It’s been a while since I shared some photos of Lady Grey on the blog. I have to admit she’s one of the strangest cats I’ve ever met. For the first month or so, she scared the crap out of me because she didn’t like me. I mean, whenever I entered a room, she’d arch her back and hiss, looking very much like a possessed creature who thought I must be destroyed in order to save the world. It was intimidating to say the least.
Fast forward nine months to when I recently had a minor cold, and she perched right next to me as if protecting me. Peeps, I think I’ve finally broken through her walls, and she sorta likes me. Or she’s figured out I’m the most responsible when it comes to feeding her, and it’s in her best interest not to kill me. Either way, I’ll take it because she’s such a beautiful cat.
One of my absolute favorite places to visit in Massachusetts is The House of the Seven Gables in Salem. And, I fully admit I’ve paid to tour the house on more than one occasion. Actually, when I met up with a friend a couple of weekends ago, the Better Half texted asking about my plans. I gleefully responded, “House of 7 Gables!”
The reply was quick: “I made the right choice in staying home.”
True, it was pouring rain, but I knew she meant she couldn’t possibly tour the house again. Me, I can do it all the time. In fact, I haven’t broken the news yet, but I purchased a membership. Maybe she won’t notice the charge on the credit card.
Anyhoo, here are some photos of the grounds. It might be the history lover inside me, but I can’t seem to bring myself to take photos inside museums or historical places.
For the past few days, Massachusetts has been sweltering. Temps in the 90s with 80% humidity. It’s been unbearable and kind of a kick in the teeth.
Why you ask?
Over Memorial Day weekend, I reserved a hotel room with an ocean view in Rockport. We had access to a deck so we could sit outside, listen to the water crash on the rocks, and watch seabirds bobble along the water’s surface.
Or that was what I pictured when I reserved the room.
As it turned out, the night we were there, the temperature was in the low 40s, with 20 mile per hour wind, and non-stop rain.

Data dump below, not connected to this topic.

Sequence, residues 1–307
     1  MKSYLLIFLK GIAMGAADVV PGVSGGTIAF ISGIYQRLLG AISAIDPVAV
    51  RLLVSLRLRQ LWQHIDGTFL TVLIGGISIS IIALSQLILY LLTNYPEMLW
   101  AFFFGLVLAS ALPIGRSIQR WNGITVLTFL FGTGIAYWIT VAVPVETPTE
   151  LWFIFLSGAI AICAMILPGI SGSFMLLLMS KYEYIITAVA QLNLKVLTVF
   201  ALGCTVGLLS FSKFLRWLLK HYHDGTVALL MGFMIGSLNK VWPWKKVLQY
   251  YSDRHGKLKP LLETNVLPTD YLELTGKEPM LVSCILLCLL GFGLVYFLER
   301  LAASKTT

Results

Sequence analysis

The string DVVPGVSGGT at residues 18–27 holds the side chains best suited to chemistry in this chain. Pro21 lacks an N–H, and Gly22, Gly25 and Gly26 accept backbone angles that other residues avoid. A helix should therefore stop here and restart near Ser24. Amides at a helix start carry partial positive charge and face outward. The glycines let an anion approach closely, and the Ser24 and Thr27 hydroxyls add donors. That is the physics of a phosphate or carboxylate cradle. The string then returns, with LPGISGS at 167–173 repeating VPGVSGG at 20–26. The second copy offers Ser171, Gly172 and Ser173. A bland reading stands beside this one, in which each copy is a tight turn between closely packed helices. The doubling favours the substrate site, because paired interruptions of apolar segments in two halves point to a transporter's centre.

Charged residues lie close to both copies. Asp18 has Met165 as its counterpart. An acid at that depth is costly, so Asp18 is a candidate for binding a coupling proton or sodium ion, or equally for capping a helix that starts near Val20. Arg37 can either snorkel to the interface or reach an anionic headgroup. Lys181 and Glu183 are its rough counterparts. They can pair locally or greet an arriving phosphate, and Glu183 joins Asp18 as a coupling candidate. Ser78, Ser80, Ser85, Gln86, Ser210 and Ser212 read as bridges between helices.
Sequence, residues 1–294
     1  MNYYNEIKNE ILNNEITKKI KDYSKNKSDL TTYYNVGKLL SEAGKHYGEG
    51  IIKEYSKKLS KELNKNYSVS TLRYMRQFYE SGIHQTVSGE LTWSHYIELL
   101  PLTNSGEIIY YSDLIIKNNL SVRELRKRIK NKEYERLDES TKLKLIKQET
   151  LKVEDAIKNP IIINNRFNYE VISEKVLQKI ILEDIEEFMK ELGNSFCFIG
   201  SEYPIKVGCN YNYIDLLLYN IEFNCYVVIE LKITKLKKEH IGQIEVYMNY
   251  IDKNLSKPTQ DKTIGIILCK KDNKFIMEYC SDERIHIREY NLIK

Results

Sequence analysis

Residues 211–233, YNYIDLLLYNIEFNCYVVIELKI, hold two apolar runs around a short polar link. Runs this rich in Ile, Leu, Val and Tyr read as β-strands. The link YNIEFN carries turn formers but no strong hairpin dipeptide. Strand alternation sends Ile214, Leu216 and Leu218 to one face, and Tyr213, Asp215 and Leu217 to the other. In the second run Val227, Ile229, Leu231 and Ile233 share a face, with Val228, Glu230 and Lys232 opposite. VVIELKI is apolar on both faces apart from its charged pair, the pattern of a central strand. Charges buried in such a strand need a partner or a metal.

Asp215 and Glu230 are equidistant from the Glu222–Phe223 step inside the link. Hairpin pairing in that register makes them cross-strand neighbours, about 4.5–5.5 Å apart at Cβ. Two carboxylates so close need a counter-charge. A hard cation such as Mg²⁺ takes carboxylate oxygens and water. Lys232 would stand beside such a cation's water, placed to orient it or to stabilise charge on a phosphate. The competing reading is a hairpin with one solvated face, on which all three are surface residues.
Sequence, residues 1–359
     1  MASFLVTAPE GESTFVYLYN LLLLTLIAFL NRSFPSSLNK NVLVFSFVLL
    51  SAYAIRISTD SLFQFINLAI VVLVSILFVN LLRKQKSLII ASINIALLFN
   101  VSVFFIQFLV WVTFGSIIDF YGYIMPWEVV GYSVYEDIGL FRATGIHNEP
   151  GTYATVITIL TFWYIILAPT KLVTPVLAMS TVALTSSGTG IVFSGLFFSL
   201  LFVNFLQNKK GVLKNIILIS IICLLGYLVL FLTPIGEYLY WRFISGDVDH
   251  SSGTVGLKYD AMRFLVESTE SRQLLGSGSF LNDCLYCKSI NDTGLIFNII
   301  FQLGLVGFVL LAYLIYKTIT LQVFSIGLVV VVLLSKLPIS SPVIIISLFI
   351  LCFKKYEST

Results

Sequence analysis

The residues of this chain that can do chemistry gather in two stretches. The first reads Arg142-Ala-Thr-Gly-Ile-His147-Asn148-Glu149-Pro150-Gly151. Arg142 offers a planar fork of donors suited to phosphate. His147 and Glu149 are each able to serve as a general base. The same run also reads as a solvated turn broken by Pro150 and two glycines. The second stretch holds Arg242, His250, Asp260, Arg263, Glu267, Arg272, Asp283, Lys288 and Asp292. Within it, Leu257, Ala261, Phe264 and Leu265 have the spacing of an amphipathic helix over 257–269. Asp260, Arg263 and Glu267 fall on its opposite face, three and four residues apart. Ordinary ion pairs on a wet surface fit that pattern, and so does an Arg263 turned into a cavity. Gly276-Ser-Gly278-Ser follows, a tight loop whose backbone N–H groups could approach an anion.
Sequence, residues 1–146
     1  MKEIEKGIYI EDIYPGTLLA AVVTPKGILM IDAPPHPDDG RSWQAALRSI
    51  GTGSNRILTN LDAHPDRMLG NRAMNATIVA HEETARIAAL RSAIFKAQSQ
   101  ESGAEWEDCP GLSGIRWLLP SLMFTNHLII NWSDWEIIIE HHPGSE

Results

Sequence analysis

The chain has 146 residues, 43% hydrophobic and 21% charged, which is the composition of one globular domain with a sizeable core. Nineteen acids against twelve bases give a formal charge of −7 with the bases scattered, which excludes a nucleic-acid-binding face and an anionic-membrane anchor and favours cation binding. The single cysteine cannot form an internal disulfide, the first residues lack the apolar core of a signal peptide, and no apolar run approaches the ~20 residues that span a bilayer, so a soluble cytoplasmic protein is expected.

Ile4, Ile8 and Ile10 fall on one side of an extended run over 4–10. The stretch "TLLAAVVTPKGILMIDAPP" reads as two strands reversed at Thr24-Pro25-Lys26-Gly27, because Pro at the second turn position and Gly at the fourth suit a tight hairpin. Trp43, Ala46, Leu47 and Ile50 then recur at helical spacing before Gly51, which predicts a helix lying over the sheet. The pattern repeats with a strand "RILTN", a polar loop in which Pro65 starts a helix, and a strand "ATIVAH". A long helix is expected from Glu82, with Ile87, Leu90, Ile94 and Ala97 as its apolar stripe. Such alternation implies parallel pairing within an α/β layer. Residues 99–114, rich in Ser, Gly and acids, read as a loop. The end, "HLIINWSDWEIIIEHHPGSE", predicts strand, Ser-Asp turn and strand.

Why couldn’t we have had the nice weather on our night away? Apparently, the weather gods hate me.
I’m determined to go back to the hotel when the weather is good. Not simply because it would be lovely, but I’m doing research for a seaside trilogy with Miranda MacLeod that we’re planning on launching next summer.
My suffering wasn’t in vain, since we’re going to use it as a plot point for the first book in the series, but I still wished the weather had cooperated.
I did brave the chilly temps to snap some views from the hotel deck, but didn’t stay outside long, because I insisted on wearing shorts. Memorial Day weekend is the unofficial start of summer in the US, and dammit if I was going to wear pants!
Recently, we hopped in a car and drove to Provincetown for the weekend to celebrate my birthday. Every time we drive to the tippy-top of the cape, I’m reminded how long the drive is.
When I first moved to Massachusetts from Colorado, I was amazed when we’d drive for an hour or so and end up in a different state. Two hours away, you could pass through another state. That didn’t happen often in Colorado. It’s been a while since I drove from the top of Colorado to the bottom, but it’s roughly 4 hours and going east to west is closer to seven.
However, when driving to Provincetown, the drive seems never-ending. This might be due to the fact that I’m hardly ever in the car these days.
Anyhoo, after some minor (in my opinion) whining, we finally arrived at the inn.
While we only spent a night there, it was a lovely time. We had dinner outside with an ocean view. Lunch at a quaint café patio where I got to dog watch. Practically everyone in P-Town has a dog. We strolled through the shops. I got a silly T-shirt, a must for me whenever I go somewhere.
All in all, it was a lovely birthday.
Then something amazing happened.
On the drive back, I saw a sign for Plymouth and asked if that was where the rock was. Now, I realize, as someone who loves history, I should have known this off the top of my head, but I have to admit, early American history is not really my jam.
The Better Half did her best not to chuckle because she knows my sense of direction and the ability to read maps are worse than my math skills. She confirmed it was and then adjusted the destination on the GPS.
Dude, I got to see Plymouth Rock, which is really just a rock with 1620 carved into it, but I have to admit, it was the perfect way to end a lovely birthday getaway.
Some of my typos are a result of bad habits, like when I write back in forth. For some reason, I always type it out that way, instead of back and forth.
Some typos are homophones, words that sound similar, but don’t mean the same thing, such as brake and break.
There are the lazy grammatical ones: mixing it’s/its, your/you’re, and they’re/their/there.
And, then there’s my tendency to misspell names, but you can read another blog post about this one because it’s something I do in my personal and professional life.
Others, though, make me chuckle. More often than not, they drastically change the intent of the sentence.